Alan saves the day
Dad says, “I know I’m 85, but I’m in pretty good health and you were such a wonderful support to me after your mum passed last year, Mum would want me to support you now.”
In mum’s twilight years, she battled pulmonary fibrosis, scarred lung tissue that makes breathing increasingly difficult. She’d never smoked. Mum, or my nickname for her, “the best little girl in the world”, was eventually wheelchair bound and on oxygen 24/7. Dad lovingly took care of all of mum’s needs, preparing meals, showering, placing her in bed, taking her on drives and pushing her in a wheel chair so she could enjoy time with friends, picnics and the outdoors. I called into mum and dad’s every day because I never knew which would be the last. Before leaving my parents’ home on the evening of 15 August 2016, I gave mum a big hug and told her I loved her as she sat in her recliner chair next to dad. After 53 years of marriage to my father Alan, mum passed away on 16 August 2016 leaving a huge hole in our lives.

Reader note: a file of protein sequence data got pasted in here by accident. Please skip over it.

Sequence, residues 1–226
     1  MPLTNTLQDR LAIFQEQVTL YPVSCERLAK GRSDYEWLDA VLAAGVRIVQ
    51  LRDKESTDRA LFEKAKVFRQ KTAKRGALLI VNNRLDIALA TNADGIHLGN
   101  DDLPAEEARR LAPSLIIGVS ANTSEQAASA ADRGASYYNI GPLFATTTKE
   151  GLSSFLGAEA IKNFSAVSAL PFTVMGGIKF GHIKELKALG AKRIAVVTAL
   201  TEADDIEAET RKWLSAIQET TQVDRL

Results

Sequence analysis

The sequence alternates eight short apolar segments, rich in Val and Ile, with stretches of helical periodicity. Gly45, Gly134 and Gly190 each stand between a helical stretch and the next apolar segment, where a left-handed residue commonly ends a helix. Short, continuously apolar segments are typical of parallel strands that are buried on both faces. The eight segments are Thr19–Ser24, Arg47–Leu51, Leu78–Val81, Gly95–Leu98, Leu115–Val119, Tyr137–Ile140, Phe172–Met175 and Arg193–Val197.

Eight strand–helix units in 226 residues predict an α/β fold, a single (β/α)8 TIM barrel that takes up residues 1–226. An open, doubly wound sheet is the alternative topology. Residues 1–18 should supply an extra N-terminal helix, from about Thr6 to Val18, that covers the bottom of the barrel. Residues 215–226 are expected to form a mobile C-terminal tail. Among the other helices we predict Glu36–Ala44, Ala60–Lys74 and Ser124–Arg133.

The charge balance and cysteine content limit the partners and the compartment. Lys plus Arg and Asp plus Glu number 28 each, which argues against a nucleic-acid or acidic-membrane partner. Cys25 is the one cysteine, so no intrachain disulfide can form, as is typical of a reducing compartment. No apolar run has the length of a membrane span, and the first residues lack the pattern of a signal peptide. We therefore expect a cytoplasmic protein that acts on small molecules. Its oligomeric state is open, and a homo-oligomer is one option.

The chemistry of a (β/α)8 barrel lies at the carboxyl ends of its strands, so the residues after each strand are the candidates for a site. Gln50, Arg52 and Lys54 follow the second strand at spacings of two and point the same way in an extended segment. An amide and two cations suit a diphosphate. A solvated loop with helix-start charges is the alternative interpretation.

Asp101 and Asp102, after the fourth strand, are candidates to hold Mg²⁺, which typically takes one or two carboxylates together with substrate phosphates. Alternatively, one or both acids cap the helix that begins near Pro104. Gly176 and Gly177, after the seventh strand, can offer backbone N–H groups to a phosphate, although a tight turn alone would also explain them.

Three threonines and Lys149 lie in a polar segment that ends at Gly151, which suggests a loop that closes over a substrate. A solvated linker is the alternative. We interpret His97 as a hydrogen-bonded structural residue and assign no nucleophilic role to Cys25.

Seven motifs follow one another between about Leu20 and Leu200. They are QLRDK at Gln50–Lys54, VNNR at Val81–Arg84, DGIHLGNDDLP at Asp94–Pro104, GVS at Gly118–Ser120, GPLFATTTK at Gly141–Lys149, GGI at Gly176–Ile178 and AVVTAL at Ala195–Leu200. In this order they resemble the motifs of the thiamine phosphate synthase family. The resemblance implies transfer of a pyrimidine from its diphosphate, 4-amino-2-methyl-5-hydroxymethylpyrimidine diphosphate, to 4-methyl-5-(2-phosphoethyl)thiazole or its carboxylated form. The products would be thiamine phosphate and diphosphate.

And so, despite dad’s age, I know he’s an experienced high carer! I’m inspired by the old English proverb, “Where there’s a will, there’s a way” and my dad is one hellava Englishman!
Eileen Jean Green: 1 November 1934 – 16 August 2016
A mission to Melbourne